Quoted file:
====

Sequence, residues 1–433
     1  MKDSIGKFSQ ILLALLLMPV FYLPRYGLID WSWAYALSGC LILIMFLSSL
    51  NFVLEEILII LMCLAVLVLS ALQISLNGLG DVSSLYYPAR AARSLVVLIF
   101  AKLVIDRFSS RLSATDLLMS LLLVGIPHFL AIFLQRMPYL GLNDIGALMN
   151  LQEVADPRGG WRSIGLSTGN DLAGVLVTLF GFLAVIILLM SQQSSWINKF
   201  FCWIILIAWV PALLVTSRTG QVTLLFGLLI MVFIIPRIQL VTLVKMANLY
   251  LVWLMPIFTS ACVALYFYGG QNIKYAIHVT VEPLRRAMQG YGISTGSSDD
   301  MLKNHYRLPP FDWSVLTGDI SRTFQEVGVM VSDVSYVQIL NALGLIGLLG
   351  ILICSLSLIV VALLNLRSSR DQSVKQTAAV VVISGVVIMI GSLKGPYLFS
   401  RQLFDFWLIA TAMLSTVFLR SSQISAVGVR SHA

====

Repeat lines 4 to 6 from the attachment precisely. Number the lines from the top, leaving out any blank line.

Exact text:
   101  AKLVIDRFSS RLSATDLLMS LLLVGIPHFL AIFLQRMPYL GLNDIGALMN
   151  LQEVADPRGG WRSIGLSTGN DLAGVLVTLF GFLAVIILLM SQQSSWINKF
   201  FCWIILIAWV PALLVTSRTG QVTLLFGLLI MVFIIPRIQL VTLVKMANLY